Highest Service Stems from Loving God and Others, Elder Oaks Tells New Leaders

Contributed By Jason Swensen, Church News staff writer

  • 25 January 2016

Elder Dallin H. Oaks of the Quorum of the Twelve Apostles offers concluding remarks at the seminar for MTC presidents and visitors' centers directors.  Photo by Jason Swensen.

Article Highlights

  • MTC presidents should work to instill confidence in the missionaries, teach the doctrine of Christ, and help the missionaries understand the central purpose of their work: to teach repentance and baptize converts.

The doctrinal purpose of missionary work across the globe remains teaching repentance and baptizing converts to the gospel of Jesus Christ.

That was the central message shared on January 14 by Elder Dallin H. Oaks of the Quorum of the Twelve Apostles in his concluding remarks at the 2016 seminar for missionary training center presidents and directors of visitors’ centers and historic sites.

Recent years have marked a historic period of greatly increased missionary numbers, including a significant increase of sister missionaries, he said. To accommodate such numbers, much focus has been placed on strengthening the missionaries and assisting in efforts to reactivate members and strengthen local units.

“We are not reducing our efforts on these vital aspects of missionary work,” he said. “But these worthwhile endeavors must not divert us from the fundamental duty we have to teach repentance and baptize converts.”

The newly called MTC presidents and their companions, he said, are charged with sacred responsibilities “to both teach and save.”

“Help the missionaries make the transition from home to the mission field. Help them gain a vision of their calling as servants of the Lord.”

He said it is also essential that MTC presidents focus their efforts on ecclesiastical matters. He counseled them to instill confidence in the missionaries, teach the doctrine of Christ, and help the missionaries understand the central purpose of their work: to teach repentance and baptize converts.

In his counsel to the newly called directors of Church visitors’ centers and historic sites, Elder Oaks noted that such facilities can make a great difference in local member-missionary work.

“Through your love, you can create a warmth at the visitors’ center that is a magnet for visitors,” he said. “When missionaries feel this love, they radiate love to the [center] guests.”

Why do we serve?

Elder Oaks then posed the question “Why do we serve?”

There are many motives for service, he said. Some serve for selfish reasons, or they desire praise and earthly rewards. Other are “good soldiers”—prompted by a sense of duty or loyalty to family and tradition.

Still others enlist their faith in God as they serve. They hope for an eternal reward. But the “highest reason” for service, said Elder Oaks, “is service for the love of God and the love of His children.”

Such high standards of service are commanded in the 4th section of the Doctrine and Covenants, verse 2: “Therefore, O ye that embark in the service of God, see that ye serve him with all your heart, might, mind and strength, that ye may stand blameless before God at the last day.”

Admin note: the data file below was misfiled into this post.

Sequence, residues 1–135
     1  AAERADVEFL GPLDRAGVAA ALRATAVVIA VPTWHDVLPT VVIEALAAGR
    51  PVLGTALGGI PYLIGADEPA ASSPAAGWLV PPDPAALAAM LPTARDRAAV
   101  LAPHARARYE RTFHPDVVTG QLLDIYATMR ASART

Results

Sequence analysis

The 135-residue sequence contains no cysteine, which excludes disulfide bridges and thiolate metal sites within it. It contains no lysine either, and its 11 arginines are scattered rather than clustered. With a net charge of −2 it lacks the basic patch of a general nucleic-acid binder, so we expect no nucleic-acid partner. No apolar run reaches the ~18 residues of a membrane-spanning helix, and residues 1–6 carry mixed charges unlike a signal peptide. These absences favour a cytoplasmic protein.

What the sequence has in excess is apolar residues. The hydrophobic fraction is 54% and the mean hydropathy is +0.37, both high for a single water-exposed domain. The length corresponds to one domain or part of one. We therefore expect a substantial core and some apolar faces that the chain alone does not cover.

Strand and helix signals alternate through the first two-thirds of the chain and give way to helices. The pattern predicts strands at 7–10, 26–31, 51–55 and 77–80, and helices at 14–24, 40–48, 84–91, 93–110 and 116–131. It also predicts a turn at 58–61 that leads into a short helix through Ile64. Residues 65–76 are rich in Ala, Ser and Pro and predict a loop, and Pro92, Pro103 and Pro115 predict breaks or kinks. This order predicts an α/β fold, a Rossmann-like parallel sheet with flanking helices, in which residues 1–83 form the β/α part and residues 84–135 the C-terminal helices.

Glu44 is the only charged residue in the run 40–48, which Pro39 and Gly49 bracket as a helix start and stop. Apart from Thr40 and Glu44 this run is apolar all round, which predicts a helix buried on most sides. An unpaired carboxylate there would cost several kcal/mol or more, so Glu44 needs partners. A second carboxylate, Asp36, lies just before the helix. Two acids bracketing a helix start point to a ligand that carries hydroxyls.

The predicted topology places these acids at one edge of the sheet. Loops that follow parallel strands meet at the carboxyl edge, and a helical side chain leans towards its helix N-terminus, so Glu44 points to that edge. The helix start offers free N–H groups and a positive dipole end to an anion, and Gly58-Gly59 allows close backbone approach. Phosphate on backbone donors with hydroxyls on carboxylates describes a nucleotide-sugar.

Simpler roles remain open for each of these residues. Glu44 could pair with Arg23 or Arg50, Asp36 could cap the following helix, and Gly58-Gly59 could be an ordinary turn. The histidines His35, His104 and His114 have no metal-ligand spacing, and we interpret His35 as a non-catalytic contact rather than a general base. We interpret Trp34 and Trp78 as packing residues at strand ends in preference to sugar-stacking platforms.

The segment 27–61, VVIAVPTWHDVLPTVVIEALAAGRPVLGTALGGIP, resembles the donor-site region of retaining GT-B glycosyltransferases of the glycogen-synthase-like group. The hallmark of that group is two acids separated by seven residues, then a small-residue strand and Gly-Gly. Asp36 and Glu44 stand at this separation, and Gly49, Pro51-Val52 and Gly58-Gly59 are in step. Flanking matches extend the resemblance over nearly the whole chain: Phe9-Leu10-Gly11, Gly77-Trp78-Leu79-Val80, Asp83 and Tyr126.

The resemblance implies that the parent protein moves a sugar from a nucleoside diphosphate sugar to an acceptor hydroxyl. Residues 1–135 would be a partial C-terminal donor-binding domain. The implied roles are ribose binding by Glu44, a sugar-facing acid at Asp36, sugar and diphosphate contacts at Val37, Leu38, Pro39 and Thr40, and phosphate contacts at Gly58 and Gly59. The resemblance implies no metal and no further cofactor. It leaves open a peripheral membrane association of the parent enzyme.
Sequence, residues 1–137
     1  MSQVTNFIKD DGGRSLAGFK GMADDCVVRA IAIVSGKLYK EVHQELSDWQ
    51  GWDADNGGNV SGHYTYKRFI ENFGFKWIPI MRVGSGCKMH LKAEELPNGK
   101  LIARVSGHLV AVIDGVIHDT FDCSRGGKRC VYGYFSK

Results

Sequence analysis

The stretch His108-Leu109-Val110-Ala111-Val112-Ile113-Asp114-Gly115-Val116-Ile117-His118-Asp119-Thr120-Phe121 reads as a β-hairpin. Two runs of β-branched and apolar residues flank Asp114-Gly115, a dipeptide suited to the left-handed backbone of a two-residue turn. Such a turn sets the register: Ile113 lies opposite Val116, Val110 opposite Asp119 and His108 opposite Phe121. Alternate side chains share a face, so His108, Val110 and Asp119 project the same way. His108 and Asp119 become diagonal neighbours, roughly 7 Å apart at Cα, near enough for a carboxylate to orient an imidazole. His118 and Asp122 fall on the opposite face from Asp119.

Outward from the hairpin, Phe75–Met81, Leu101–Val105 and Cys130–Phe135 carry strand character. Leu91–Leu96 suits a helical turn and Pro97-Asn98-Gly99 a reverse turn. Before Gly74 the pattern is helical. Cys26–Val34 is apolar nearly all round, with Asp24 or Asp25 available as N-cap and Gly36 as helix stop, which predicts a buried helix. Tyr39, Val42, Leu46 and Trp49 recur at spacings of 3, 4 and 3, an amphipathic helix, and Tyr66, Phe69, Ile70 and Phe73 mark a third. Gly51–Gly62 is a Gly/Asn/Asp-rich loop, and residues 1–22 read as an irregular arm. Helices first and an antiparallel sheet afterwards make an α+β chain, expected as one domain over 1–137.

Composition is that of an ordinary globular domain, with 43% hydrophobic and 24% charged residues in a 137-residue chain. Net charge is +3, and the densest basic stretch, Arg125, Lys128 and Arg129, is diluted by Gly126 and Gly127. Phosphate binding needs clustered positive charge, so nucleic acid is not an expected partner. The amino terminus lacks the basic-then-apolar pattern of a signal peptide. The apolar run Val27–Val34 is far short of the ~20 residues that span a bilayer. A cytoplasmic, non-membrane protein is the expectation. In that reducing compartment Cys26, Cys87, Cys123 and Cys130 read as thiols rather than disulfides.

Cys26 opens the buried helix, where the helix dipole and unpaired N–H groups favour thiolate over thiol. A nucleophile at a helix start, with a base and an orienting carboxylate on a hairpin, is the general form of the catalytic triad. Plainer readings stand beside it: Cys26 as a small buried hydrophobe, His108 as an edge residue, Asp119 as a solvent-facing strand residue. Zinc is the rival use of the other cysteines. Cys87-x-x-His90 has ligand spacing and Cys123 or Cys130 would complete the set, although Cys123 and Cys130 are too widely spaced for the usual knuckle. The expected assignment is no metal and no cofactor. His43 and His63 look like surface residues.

The scriptures, he added, declare that Jesus Christ is the Light and Life of the World.

Christ’s light “is the true light.” Such light of truth quickens understanding and is given to every man and woman to know good and evil. The Light of Christ also “illuminates the path we should walk to return to the presence of God the Father.”

The Savior is “the Life of the World” because of His unique position in what the scriptures call “the great and eternal plan of deliverance from death.”

One comes to the Father through the life-giving mission of the Son, taught Elder Oaks. Through the Atonement, all mankind will overcome physical death and will be resurrected. And, again through His Atonement, men and women, through repentance, can overcome the spiritual death that is a consequence of sin. Many in the world carry heavy burdens, he noted. Some deal with physical or mental illness. Others are weighed down by sin or addictions. The Savior offers relief from all such burdens.

Christ’s Atonement, he added, “is powerful enough to pay the price for sin—but also to heal everyone with afflictions.” Its redeeming benefits are available to all “with a broken heart and a contrite spirit.”

One testimony of Christ, he concluded, cannot by grounded in the wisdom of the world or the philosophies of men—however traditional or respected they may be. “Our testimony of Jesus Christ is based on the revelations of God to His prophets and to us individually.”

And what does this testimony of Christ cause one to affirm?

“Jesus Christ is the Only Begotten Son of God the Eternal Father. He is the Creator. Through His incomparable mortal ministry He is our Teacher. Because of His Resurrection, all who have ever lived will be raised from the dead. He is the Savior whose atoning sacrifice opens the door for us to be forgiven of our personal sins so that we can be cleansed to return to the presence of God our Eternal Father.”